What does this dream home have special? Well, apart from its exceptional location and splendid modern architecture, Casa Diaz displays an interesting array of wonderful features. Casa Diaz occupies a sloping lot in an upper class neighborhood in Valle de Bravo, Mexico. With an astonishing location on a corner lot with trees protecting the privacy and guiding the views towards the lake, Casa Diaz was built as a series of three elongated rectangular volumes stacked in a zigzag pattern that help better capture panoramic views from the terraces and framed views from behind the glazed walls.
Mexico City?based office Productora worked on the challenging residential project by developing ideas through intuitive explorations – as the architects beautifully explain their style. The street facade hides the fantastic architecture behind a wall of natural stone. The small portion of the house seen from the front of the building was built according to urban planning requirements – a white plastered facade crowned with elegant wood and subtle roof tiles. But from the lakeside, its true nature shows – a contemporary residence shaped by a dynamic architecture that welcomes natural light inside each space.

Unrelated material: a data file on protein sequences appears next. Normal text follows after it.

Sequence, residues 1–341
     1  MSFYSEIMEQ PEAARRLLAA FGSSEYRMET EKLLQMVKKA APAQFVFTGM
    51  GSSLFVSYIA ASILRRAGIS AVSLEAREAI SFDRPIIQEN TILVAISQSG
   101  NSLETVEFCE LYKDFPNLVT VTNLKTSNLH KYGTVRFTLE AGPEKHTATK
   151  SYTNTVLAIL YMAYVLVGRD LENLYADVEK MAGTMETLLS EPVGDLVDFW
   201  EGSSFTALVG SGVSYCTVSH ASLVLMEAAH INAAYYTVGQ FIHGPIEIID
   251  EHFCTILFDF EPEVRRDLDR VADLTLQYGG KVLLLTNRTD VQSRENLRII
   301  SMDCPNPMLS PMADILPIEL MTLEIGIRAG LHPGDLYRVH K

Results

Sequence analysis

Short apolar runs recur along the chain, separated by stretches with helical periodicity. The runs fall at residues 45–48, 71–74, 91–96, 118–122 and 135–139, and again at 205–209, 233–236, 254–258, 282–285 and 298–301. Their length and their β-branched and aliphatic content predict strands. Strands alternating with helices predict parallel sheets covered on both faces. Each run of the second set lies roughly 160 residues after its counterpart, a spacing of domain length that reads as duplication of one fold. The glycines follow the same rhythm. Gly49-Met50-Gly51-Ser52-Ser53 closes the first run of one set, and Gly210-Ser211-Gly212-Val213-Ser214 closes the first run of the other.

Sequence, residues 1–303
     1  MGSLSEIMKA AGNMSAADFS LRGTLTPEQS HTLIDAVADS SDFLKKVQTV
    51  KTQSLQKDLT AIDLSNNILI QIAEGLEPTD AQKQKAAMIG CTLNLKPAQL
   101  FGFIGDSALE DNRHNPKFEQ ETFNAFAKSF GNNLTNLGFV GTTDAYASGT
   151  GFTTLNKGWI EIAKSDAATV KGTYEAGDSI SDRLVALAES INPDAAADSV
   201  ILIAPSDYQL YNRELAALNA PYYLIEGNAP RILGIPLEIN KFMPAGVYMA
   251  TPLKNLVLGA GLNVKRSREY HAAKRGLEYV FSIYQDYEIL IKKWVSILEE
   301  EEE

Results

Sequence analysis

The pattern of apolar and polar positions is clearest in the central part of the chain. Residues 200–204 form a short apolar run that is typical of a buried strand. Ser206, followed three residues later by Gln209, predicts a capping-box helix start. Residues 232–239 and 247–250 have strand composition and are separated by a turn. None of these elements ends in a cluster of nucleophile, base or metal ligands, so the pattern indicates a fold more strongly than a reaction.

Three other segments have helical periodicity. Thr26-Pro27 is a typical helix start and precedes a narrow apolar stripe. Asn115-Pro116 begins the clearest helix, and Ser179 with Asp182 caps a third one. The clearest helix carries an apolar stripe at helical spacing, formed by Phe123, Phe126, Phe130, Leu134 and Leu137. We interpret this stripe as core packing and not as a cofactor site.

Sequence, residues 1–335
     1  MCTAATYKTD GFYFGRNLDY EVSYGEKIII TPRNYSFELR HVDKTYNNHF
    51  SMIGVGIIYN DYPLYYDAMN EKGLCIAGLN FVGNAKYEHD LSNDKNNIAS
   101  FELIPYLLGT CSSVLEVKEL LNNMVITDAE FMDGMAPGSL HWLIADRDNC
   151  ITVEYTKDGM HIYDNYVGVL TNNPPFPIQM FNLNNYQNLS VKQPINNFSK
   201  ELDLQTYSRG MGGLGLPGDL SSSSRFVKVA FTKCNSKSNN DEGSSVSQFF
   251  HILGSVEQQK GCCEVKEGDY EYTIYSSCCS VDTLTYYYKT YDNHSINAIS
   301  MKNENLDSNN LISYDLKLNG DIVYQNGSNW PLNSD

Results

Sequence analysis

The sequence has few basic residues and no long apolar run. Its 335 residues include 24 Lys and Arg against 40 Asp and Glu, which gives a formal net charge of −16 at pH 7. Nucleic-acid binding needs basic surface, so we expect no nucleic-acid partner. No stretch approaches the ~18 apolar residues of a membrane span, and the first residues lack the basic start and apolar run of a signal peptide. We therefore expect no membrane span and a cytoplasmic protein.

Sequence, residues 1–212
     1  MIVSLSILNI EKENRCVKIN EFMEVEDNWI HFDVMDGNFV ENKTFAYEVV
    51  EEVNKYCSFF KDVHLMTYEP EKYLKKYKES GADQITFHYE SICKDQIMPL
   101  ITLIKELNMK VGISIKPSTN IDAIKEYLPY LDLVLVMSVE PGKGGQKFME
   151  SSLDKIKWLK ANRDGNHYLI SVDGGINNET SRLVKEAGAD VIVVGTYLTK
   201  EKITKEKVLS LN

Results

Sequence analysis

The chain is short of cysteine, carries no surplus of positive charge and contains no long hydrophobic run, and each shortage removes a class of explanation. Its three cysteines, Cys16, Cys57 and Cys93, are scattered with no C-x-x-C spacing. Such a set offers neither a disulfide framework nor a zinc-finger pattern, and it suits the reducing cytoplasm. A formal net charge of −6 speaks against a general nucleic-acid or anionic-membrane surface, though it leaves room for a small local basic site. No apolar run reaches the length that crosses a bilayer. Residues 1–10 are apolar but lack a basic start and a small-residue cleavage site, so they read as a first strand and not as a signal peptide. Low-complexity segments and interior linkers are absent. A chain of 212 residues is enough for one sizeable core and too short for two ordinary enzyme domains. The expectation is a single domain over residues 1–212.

An example of a huge success is Heneghan Peng Architects’ Giant’s Causeway Visitors’ Centre in Antrim, Northern Ireland. Using the large difference in level across the site, the architects created two folds in the landscape. Bold, but not conflicting with the rather bleak natural environment, these folds draw all the man-made areas together and create one fitting man-made break in the natural landscape. In the words of the architects themselves, There is no longer a building and a landscape, but building becomes landscape and the landscape itself remains spectacular and iconic
What is new and exciting now can quickly begin to look tired and out of fashion, so the best buildings don’t just consider what will be interesting to look at now, but also how it might look to people in five, fifty or even a hundred years’ time. 2013’s hotly contested RIBA Stirling Prize went to Witherford Watson Mann Architects for their work on Astley Castle, Warwickshire. In what RIBA Past President Stephen Hodder has described as an extreme retrofit, the project essentially saw a new building inserted subtly into the heart of the old, with a new, two storey residence now hidden within the sandstone walls of the ruins of this medieval castle, to be used as a holiday home for up to eight guests